There are 3 key metrics that indicate the progress a student is making. Growth is the most important, with Effort and Accuracy helping to diagnose the cause of low Growth when it occurs.
Effort is the amount of the teacher-assigned work (a number of modules) that the student completed in the lead up to a test.
Liam was assigned 6 modules by his teacher, and completed 5 of those. So 5 modules were on his test.
His Effort score is 5 out of 6, or 83%.
If a student gets through all the assigned work ahead of time, the teacher is able to add extra modules as a once off. In this case the Effort score can even exceed 100%, as the student completed more work than originally assigned.
Accuracy is the amount of modules that were mastered on the test, compared with the amount completed (not the amount assigned).
Liam had 5 modules on his test. He mastered 4 of those modules.
His Accuracy score is 4 out of 5, or 80%
Note that 80% Accuracy indicates that a student has shown mastery of 80% of those modules. It doesn’t mean they’ve got 80% of the questions right and 20% of the questions wrong.
A student could also complete a minimal number of modules and then, when tested, get all questions correct. This would result in a high Accuracy score, but a low Effort score.
Kate had 1 module on her test, and mastered it. She gets 100% Accuracy, but that score alone doesn't reflect that she completed very little of the work her teacher assigned her.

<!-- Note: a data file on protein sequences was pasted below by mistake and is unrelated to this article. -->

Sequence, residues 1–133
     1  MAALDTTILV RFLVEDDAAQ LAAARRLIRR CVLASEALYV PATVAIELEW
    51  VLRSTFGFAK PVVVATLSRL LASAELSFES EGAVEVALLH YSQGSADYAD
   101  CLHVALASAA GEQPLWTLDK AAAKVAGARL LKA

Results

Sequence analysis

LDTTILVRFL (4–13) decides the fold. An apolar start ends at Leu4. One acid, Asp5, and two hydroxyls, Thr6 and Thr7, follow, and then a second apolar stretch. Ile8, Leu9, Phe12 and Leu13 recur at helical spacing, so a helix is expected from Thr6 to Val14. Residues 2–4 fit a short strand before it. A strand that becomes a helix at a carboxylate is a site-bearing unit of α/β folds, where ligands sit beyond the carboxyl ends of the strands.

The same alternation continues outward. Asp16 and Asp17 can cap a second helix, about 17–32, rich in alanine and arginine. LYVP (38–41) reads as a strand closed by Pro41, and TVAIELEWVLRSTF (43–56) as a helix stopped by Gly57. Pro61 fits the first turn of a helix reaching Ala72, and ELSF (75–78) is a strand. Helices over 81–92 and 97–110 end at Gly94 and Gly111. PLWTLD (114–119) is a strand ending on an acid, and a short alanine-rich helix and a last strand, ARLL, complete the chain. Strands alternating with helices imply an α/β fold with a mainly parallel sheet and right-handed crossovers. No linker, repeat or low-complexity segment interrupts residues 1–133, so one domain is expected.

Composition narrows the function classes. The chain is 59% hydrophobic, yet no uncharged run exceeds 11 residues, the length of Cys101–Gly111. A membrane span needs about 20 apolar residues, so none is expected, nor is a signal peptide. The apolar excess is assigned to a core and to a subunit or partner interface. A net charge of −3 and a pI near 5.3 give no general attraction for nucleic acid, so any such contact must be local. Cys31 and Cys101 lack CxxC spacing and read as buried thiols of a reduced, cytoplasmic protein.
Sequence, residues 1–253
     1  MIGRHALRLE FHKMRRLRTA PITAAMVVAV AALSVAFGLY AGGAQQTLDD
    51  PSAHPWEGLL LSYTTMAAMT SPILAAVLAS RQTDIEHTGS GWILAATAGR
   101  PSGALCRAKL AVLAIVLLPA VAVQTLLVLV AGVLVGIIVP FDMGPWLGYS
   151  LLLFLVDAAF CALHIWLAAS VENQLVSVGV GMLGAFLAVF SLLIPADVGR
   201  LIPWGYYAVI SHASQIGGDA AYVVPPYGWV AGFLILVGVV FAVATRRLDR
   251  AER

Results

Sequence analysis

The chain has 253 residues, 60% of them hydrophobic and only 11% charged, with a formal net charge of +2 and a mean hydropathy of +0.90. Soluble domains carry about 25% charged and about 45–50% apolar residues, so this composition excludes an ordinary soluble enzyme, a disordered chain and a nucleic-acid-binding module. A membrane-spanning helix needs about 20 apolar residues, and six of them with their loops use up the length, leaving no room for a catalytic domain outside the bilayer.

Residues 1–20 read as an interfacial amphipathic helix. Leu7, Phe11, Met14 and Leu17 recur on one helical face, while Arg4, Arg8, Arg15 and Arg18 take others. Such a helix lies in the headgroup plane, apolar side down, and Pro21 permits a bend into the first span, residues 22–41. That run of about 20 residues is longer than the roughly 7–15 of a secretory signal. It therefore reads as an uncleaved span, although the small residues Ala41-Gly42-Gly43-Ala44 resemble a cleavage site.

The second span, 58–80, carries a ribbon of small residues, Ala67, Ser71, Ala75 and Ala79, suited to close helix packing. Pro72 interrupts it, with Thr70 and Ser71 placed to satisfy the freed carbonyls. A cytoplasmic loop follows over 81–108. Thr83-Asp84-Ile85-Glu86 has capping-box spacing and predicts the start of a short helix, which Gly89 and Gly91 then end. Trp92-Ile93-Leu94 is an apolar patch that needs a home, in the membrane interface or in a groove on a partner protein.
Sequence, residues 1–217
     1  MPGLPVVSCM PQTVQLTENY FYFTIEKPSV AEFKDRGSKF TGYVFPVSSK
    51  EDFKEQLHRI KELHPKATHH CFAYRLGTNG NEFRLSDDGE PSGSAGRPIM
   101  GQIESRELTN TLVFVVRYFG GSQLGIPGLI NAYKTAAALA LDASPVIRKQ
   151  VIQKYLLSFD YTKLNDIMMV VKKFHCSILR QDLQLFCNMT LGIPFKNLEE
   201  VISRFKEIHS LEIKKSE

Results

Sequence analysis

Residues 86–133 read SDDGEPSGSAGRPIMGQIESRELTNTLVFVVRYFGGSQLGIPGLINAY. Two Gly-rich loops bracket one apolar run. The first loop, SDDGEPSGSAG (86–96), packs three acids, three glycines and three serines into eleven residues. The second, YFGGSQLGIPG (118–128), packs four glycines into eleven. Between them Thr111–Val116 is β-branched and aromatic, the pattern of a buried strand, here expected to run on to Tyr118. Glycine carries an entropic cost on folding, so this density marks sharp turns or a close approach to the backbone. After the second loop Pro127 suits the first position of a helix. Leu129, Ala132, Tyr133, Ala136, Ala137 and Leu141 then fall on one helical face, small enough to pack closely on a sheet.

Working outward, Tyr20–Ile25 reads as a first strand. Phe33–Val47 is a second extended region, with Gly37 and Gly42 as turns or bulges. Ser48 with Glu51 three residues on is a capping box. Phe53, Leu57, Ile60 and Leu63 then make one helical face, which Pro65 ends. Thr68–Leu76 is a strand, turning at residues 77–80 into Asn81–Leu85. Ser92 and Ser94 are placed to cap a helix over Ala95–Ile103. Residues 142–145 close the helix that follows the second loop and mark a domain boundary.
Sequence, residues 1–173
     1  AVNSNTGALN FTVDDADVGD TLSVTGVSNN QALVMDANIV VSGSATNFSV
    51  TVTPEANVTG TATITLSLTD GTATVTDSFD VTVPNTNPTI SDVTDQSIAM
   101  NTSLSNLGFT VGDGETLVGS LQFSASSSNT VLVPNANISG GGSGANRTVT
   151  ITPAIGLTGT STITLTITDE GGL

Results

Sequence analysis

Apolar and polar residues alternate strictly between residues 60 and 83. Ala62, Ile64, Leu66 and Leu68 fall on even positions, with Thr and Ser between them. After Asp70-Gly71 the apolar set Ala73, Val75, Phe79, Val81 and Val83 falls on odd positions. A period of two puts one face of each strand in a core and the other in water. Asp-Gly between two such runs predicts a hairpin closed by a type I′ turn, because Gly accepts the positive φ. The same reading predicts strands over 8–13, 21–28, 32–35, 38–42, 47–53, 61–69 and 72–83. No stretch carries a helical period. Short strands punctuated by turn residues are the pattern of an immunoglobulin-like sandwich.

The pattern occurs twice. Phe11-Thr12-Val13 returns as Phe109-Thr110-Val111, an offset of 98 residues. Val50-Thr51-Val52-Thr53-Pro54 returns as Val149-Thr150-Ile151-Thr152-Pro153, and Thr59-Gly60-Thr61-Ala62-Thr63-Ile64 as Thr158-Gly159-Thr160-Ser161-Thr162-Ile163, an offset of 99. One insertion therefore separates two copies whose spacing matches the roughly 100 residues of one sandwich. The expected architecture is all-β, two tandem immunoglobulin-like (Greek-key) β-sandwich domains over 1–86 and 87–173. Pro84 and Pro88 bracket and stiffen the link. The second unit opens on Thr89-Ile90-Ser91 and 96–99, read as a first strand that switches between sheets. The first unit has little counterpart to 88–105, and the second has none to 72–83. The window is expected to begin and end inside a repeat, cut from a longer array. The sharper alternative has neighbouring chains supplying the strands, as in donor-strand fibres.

A student’s Growth rate is the most important of the 3 metrics, as it reflects the new maths that they’ve mastered over time. It emphasises the value of continual development, as well as building on pre-existing or new knowledge.
Growth rates are based entirely on the number of modules that a student masters on a test. The table below summarises these values:
|Number of Modules Mastered||Growth Rate|
Liam mastered 4 modules on his test, so his Growth rate for this test is 133%.
If he keeps this up, he'll learn 1.33 curriculum years of maths in this year.
Why might a student’s Growth rate not be high?
- Low effort: If a student is not completing enough of the teacher-assigned work in a fortnight, then they won't be able to learn as much new maths and their Growth rate will be affected.
- High effort, low accuracy: If a student is completing plenty of modules – so they’re putting in a lot of effort – but have low accuracy on the tests, then their growth rate is affected.